Hamidou Diallo is in a familiar situation. A borderline first round NBA draft pick in 2017, after returning to Kentucky for a year of college basketball Diallo remains on the fringe, hopeful he can convince a team to select him in the first round.
Diallo’s only season in a Kentucky uniform was filled with ups and downs. He did not expect to endure so much adversity. He expected to become a lottery pick. Even though that did not happen, he would not change a thing.
“No regrets, none,” Diallo said. “I had one foot in the NBA, one foot in college. I was not 100 percent sure I wanted to go into the NBA. I feel like I made the best decision to go back to school, and if I had to do it all over again, I would do it the same exact way. I feel like I made the right decision.”
In a wonderful profile by Sporting News, Diallo did not hide from his flaws at Kentucky. He knows where he struggled. Instead of shying away from shortcomings, he embraced them as learning lessons.
“The best thing I learned at Kentucky this year was, how to fight myself, how to conquer myself,” Diallo said. “When I say conquer myself, I mean when things aren’t going my way, what type of player am I? What type of teammate am I? Not just basketball — you wake up in the morning, you are late, you are late for class, you miss the bus. It’s raining. You’re not having a good day, you miss breakfast. How are you going to perform in practice that day?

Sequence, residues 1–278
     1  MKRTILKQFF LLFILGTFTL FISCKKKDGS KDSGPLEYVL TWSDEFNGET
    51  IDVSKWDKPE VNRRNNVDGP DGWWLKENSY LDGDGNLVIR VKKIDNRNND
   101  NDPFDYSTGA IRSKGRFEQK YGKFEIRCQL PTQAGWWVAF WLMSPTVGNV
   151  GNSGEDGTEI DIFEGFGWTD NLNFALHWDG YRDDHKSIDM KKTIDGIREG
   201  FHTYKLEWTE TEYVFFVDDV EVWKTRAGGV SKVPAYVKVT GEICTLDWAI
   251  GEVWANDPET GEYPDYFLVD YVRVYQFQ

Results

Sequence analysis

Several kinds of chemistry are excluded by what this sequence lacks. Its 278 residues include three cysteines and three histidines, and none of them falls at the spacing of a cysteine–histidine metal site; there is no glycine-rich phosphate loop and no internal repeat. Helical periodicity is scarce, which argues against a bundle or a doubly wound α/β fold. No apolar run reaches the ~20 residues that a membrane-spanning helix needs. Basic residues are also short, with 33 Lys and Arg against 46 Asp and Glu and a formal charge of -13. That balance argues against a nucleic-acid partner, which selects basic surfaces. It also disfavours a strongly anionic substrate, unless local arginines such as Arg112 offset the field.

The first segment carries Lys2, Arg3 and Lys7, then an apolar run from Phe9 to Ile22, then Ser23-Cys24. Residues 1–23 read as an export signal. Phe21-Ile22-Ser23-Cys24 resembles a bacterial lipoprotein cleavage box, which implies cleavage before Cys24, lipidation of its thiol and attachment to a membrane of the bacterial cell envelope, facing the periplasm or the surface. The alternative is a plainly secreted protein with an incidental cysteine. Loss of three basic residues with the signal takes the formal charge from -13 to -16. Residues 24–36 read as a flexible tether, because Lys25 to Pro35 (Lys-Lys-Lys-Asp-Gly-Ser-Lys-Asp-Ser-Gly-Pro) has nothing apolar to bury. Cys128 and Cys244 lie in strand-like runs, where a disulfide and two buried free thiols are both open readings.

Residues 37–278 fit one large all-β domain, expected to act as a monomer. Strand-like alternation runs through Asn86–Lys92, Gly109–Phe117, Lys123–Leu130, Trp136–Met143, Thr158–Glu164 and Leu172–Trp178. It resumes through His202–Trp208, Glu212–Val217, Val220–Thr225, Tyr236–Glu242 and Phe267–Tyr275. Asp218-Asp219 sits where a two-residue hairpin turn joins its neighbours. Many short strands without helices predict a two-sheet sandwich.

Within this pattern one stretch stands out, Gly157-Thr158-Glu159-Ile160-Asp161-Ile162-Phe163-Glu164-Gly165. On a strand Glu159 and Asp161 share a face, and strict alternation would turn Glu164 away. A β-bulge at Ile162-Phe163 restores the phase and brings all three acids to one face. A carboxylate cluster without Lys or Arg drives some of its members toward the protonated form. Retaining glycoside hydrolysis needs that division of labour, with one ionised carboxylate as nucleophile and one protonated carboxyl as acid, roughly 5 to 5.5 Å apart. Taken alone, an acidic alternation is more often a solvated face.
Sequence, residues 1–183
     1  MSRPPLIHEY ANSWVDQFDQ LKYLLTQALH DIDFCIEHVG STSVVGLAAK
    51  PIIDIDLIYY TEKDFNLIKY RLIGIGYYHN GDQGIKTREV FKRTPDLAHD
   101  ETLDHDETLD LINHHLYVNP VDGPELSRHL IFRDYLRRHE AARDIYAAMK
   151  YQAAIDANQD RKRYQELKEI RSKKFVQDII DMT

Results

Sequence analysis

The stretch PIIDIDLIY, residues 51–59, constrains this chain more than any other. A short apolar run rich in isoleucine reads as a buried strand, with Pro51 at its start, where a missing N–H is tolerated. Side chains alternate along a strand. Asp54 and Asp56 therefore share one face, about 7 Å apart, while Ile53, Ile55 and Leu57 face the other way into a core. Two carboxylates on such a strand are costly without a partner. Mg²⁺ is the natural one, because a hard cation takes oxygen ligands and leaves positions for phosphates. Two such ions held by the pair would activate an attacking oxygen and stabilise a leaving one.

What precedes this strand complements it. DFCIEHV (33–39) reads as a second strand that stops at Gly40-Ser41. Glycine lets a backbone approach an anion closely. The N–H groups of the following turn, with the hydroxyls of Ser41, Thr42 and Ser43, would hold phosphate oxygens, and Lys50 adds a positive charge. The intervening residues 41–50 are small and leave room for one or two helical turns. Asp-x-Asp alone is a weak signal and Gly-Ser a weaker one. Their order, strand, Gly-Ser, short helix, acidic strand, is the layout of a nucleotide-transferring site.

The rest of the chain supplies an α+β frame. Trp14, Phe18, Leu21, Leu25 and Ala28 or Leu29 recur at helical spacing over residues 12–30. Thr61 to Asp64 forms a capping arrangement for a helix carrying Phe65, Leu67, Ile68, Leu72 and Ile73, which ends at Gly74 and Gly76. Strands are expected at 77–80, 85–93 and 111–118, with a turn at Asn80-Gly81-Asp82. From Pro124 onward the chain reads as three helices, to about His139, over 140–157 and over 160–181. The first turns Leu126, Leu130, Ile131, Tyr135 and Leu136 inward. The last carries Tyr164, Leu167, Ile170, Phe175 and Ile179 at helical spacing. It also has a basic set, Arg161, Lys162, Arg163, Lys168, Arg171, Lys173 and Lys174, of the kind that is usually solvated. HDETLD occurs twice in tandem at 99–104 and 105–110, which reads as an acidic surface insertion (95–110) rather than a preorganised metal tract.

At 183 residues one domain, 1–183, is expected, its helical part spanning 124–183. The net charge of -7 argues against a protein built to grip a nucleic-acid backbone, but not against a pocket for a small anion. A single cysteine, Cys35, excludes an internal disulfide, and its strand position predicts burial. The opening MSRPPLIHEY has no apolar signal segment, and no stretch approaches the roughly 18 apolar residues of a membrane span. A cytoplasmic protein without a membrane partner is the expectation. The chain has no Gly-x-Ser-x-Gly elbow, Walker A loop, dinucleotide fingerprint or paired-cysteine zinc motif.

“What if game-day routine is thrown off, how do you handle it? What kind of player are you going to be on that day? That’s when you need to conquer yourself.”
Diallo is no stranger to adversity. The son of Guinean immigrants, he has witnessed what it takes to be successful when the odds are unfavorable. Diallo is taking the hard-working mentality his parents taught him into workouts with NBA teams. This weekend he’ll be in his hometown, working out with the Nets on Friday and the Knicks on Saturday, before wrapping up his pre-draft tour with the Bucks next week.
In one year at Kentucky, Hamidou Diallo did not post the numbers of a future NBA superstar, but he learned difficult, invaluable lessons that will pay dividends in the near future.